"You had a choice? And you chose this?" They gestured out into the street, where even the thick July snow couldn't quite cover the now familiar cityscape of empty cars and rotting bones. Between the fallen power lines a few spindly green shoots were sticking their heads up towards the light. Soon it would be spring, and nature would take one step closer to reclaiming the city.

"I chose happiness and safety for myself and those I cared about," I said. "And that....turned out to mean this."

Dee gave me a look. The same look they'd given me when I'd told them my area of research. "We all warned you about making deals with those entities..." They looked at their hands again, at the new pink-brown skin and smooth clean nails. "Most people settle for selling their own souls. But you...you sold the whole world. What gave you the right?"

The reaction never got any easier to bear. "I know, it's beyond awful. And I tried changing it back but...it doesn't work that way."

"Of course it doesn't." Their voice was so patient.

I sounded pathetic even to myself but I couldn't resist the urge to explain. "I didn't know, Dee. Or maybe I did, but I didn't...I didn't really know. Not until I came back and saw everyone I didn't care about...gone."

"Not gone," said Dee. "Dead. They're still here, all seven billion of them. On a windless day you can still smell the stench." They rubbed the growing stubble on their jawline. "I'd be angry but...it seems like I don't have it in me any more. Because you wanted us to be happy. We don't remember each other, we can't die or sleep, but we're happy."

"I'm sorry."

Dee gave a small sigh. "You said that already."

We sat in silence for a while. A wild dog crossed the street opposite us, taking a wide berth around the strange smelling humans before vanishing into the leafless trees spilling out of the old park.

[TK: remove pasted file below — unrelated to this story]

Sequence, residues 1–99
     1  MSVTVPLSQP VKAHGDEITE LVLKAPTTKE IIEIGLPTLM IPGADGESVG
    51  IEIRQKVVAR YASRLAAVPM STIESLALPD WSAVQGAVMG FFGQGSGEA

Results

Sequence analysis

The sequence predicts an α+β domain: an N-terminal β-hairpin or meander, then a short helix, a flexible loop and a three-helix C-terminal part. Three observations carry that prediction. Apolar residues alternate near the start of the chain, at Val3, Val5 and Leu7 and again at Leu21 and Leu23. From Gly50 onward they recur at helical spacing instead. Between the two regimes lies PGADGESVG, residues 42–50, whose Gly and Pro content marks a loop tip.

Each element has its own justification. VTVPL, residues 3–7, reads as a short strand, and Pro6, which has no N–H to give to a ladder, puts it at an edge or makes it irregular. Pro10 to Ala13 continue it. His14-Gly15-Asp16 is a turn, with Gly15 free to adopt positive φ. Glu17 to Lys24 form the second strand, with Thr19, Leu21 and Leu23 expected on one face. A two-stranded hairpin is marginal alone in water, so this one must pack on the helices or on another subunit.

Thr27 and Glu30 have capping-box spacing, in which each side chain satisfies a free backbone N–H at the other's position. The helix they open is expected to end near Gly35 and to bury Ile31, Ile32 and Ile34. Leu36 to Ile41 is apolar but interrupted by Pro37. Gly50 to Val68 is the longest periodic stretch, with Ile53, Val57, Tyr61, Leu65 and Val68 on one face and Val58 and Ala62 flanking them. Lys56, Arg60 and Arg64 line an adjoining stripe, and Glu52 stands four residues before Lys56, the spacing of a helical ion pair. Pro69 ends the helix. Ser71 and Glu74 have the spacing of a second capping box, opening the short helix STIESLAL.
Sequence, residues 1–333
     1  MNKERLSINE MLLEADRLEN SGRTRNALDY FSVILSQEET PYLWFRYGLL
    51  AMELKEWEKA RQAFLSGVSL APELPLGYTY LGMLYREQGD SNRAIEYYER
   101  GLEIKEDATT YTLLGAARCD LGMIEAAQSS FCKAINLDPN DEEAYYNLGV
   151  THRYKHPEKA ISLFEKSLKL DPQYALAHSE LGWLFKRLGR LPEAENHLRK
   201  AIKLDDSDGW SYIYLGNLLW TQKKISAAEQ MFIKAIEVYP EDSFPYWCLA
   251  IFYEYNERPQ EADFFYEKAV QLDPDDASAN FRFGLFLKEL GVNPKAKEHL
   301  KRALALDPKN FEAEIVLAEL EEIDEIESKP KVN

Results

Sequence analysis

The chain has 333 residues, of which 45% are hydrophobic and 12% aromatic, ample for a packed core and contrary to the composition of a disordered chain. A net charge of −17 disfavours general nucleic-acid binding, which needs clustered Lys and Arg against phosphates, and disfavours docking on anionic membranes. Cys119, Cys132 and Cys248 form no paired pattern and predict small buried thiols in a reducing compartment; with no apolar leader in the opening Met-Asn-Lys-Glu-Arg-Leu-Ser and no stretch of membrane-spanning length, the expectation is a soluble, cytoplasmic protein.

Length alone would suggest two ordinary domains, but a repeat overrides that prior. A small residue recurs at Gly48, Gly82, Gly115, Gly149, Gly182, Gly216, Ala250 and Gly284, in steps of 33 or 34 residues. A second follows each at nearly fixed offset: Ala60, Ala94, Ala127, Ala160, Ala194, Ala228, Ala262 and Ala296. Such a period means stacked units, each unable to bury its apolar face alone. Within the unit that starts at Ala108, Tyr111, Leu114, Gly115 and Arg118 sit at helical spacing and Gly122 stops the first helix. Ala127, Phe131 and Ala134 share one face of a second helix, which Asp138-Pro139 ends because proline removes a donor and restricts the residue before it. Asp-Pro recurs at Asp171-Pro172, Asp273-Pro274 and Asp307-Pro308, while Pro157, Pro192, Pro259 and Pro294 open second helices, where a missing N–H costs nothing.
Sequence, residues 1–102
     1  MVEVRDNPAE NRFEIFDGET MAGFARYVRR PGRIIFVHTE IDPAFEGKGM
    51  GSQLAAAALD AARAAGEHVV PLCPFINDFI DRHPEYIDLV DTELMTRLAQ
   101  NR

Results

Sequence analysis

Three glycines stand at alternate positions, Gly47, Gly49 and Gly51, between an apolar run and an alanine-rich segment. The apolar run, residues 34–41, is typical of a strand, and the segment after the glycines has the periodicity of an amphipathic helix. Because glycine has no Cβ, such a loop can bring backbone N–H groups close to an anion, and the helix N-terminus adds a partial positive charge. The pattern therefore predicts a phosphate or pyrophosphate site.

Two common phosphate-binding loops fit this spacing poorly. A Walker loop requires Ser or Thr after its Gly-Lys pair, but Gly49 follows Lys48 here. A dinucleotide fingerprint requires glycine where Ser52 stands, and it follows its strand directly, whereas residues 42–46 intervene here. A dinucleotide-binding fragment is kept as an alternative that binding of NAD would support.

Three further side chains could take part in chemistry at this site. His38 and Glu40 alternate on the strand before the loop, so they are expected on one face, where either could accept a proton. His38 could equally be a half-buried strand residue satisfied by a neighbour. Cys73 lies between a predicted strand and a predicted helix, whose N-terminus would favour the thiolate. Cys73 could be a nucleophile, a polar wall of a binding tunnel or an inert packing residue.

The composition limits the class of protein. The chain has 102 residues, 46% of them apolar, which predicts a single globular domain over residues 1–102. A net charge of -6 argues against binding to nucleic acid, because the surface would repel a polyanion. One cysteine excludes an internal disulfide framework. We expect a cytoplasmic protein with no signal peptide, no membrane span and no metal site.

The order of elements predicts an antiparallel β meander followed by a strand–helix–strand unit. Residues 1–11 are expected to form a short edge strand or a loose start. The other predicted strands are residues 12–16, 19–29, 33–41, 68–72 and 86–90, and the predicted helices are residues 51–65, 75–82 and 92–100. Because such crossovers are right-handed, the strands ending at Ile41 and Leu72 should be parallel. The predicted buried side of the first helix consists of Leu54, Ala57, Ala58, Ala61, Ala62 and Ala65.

"It's hard to remember, but I think I saw Khadeesha around this area a while ago. She wasn't in the best of shape, though. And there was an old man who hung around the park, but I think they...died. Stopped. Whatever it is we do...when you stop caring, I guess. Before that it's more of a blur."

"Khadeesha wants to be forgotten," I said. "And you're the only other person I've seen in London. There's some more in Yorkshire, I visit my parents sometimes."

"How charming. Mine are dead of course, since you never knew them well."

I grimaced. Every time my parents saw how few of their friends and family I'd cared about it broke their hearts all over again. Like Dee, they couldn't be angry, or even truly sad, but they weren't exactly glad to see me, either. I had a feeling that soon they'd ask me to just stop coming. "To begin with there was...a hundred, maybe a hundred and fifty survivors," I said. "But I don't know how many there are now. Most of the ones I meet want to be forgotten."

"I don't want to be forgotten," said Dee.

"Good."

It had been so long since anyone had expressed the slightest enthusiasm for the half life I'd doomed them to. I tried to keep my voice level. "I'll do my best to...keep thinking of you, Dee. But you'll still start to fade once we're apart. That's just how it works. It's your choice but...do you...want to stay? With me?"

Dee looked at me. Their eyes were soft and wet. "No," they said. If I was capable of feeling despair, I would have felt it then, though I'd known they would leave me from the start. "I'd rather be alone. I've gotten used to it. And...I think I'm happier when I don't remember who I am."

"Of course."

Their handshake when we said goodbye was strong and warm, like always. They made a joke, and laughed, and wished me well. I wondered how long it would be before I saw them again.